The flip side of my ability to practice my discipline is that parents get the benefit of smaller class sizes--that's hard to beat.
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  17. genuinemommy

    genuinemommy Moderator Staff Member

  18. Olympian

    Olympian Vertical

    The way I see it the question is about values. What values do public schools have, what values do private schools have and what values do parents have? It is complicated because most countries have adopted un-scientific views that are actually being taught.

    In my own country as a six year old I was mostly allowed to play around and they taught me swimming. Not much else. Sure, they had some feminist ideocies, like one time when one of the directors had a birthday and he made a cake for us. For the first time girls and boys were put aside, directed to different floors. Then they gave us extremely small portions of the cake and as we requested more we got more. The boys were in the basement and I was one of the kids who really liked the cake. I got probably like 3 or 4 plates but each of them contained not much more than one small maruingy each. Then they said that they were all out of cake on that floor, but the girls had cake in abundance. They said that I could get more if only I was brave enough to go up to the second floor and I did. Then for days and days they tortured me and the others about how little cake the girls had and how the boys took everything. A girl which I had previously hung out with, who asked to marry me though I didn't know what marriage was, wouldn't speak to me after this. Even she didn't confirm what the adults said about the cake being a reason, but all this built up some resistance for me. It became clear from an early age that girls are unreliable.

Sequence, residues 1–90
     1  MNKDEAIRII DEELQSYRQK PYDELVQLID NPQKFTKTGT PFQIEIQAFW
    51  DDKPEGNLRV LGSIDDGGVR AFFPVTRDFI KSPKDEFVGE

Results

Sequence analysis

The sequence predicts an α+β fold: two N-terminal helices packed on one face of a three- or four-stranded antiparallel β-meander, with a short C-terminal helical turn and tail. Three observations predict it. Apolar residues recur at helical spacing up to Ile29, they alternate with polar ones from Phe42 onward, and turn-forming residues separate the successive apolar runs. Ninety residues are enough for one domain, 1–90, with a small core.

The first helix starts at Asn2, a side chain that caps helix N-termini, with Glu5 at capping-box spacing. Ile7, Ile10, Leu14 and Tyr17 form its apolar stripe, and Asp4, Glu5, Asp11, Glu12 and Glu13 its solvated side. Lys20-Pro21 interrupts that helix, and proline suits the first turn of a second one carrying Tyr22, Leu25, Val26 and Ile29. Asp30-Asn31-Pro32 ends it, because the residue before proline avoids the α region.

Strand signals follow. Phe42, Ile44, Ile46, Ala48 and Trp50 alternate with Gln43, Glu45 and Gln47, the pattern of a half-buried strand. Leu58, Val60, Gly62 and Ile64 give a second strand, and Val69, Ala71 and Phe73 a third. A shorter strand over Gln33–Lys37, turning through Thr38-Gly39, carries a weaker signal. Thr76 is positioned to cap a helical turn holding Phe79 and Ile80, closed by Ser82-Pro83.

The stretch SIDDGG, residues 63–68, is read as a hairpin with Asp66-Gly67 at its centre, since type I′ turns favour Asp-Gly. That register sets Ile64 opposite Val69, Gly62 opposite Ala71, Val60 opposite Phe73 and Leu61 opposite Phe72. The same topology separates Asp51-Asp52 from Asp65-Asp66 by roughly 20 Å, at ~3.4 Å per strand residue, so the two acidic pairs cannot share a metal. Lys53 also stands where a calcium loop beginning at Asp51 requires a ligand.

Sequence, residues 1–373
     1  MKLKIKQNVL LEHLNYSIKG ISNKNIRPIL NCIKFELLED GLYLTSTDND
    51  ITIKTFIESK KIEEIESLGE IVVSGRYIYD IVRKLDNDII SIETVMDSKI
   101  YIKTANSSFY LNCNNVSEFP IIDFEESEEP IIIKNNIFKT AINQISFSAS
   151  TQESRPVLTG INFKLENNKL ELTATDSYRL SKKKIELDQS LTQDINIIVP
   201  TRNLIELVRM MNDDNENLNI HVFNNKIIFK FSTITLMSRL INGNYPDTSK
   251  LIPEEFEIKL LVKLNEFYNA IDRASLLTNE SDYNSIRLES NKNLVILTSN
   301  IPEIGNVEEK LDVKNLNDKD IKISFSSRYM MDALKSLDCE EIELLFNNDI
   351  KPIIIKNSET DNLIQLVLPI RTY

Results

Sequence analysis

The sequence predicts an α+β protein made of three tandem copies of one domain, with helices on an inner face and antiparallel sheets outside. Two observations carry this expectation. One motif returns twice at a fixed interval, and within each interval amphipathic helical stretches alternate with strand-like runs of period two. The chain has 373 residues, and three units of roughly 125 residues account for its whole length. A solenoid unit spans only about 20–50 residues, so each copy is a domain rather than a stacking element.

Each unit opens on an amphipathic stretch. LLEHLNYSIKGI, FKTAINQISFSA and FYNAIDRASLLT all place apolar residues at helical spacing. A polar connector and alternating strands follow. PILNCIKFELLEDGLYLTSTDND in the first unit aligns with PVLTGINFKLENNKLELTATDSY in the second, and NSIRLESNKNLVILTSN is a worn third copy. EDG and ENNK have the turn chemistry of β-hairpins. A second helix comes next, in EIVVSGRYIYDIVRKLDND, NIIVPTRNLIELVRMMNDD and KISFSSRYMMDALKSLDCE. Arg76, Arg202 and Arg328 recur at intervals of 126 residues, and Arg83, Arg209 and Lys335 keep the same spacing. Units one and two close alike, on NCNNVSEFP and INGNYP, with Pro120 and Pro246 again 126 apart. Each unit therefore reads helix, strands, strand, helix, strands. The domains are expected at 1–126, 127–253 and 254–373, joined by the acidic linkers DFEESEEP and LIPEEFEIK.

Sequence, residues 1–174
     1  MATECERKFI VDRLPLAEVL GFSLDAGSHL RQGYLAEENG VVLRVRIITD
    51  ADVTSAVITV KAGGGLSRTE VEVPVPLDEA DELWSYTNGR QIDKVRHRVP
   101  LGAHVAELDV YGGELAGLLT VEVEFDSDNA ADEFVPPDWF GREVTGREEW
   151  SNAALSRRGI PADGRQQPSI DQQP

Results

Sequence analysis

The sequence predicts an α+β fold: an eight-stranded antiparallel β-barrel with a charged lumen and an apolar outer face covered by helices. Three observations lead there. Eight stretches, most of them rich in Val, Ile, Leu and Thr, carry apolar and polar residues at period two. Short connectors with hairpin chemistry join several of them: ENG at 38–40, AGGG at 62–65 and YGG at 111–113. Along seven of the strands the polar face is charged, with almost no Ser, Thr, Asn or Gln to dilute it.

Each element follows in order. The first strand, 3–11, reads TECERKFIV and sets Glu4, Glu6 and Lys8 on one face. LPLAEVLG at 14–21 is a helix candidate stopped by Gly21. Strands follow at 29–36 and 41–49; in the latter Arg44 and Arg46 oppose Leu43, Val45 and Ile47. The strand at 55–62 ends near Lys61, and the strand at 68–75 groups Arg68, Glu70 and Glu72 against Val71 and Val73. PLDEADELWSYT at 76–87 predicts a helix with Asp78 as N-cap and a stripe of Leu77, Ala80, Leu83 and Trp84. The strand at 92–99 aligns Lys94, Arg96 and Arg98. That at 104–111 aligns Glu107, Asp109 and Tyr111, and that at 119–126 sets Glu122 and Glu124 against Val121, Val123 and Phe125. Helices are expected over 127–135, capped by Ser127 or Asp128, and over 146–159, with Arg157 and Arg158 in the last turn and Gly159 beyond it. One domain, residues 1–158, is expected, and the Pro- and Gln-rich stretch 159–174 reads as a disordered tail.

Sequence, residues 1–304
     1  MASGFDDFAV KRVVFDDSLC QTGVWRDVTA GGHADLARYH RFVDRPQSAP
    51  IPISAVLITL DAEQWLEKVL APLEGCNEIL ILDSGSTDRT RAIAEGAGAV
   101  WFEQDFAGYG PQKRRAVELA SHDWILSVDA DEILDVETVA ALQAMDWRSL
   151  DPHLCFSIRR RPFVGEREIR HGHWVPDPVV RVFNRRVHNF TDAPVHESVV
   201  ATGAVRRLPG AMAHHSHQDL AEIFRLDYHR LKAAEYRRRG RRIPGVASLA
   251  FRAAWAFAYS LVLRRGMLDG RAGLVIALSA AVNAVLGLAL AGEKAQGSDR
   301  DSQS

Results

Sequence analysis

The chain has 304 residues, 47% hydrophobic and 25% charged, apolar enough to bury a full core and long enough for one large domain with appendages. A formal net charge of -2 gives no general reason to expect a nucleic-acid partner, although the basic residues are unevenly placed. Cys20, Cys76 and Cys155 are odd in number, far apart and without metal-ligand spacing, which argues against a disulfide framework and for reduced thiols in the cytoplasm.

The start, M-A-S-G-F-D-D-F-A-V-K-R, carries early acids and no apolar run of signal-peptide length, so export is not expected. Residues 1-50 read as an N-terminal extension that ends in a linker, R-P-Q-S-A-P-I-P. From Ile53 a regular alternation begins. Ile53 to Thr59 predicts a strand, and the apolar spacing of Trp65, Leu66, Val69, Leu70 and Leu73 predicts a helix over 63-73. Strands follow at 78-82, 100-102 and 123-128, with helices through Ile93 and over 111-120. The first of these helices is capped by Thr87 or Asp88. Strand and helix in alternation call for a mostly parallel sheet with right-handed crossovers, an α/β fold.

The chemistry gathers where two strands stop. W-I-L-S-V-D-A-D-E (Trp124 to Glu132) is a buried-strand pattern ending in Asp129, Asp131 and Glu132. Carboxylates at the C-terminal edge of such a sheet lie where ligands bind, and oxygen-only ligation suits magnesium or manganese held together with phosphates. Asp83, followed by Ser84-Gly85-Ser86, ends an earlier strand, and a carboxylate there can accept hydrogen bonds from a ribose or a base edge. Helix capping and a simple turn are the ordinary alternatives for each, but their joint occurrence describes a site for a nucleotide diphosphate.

Although I can't be sure of that first example actually been orchestrated I had plenty further experiences of brainwashing being played on me. I tried to avoid public education but even that didn't help. I've always been taught socialist ideals and how it's always right to steal but never to produce. I've always been told that weakness makes right, that obediance is key and that democracy is freedom.

    If a parent was not to do these things then that might be a step in the right direction.
  19. genuinemommy

    genuinemommy Moderator Staff Member

    • Agree Agree x 1
  20. ASU2003

    ASU2003 Very Tilted

    Where ever I roam
    It all depends on the personality of the child if homeschooling would work or not. It also depends a lot of the parents and the desired outcome. If I were a stay at home Dad and could come up with a lesson plan, it might work. But, I can barely work from home as it is, I couldn't imagine trying to teach a kid from home. It wouldn't be very effective.

    Would I tweak quite a bit of the things when I was in public school, yes for sure. Do I think that everything would be fixed by homeschooling or unschooling, no. Learning a few different languages happens easier at home or by traveling to a place where they speak it. And on-line programs might work better too. But, the on-line schools will just have the same issues I'm afraid, just trying to use video conferencing instead of being in class in person. Well, the germs and sickness part wouldn't be there...

    From K-6th grade, the public school does a fine job. 7-12th is where improvements could be made. 7-10th especially. 11th and 12th it would be better back in public school for the teenage experience and high school diploma. Homeschooling and focusing on topics and real world experiences could be more educational for those four years from 12 years old to 16 years old.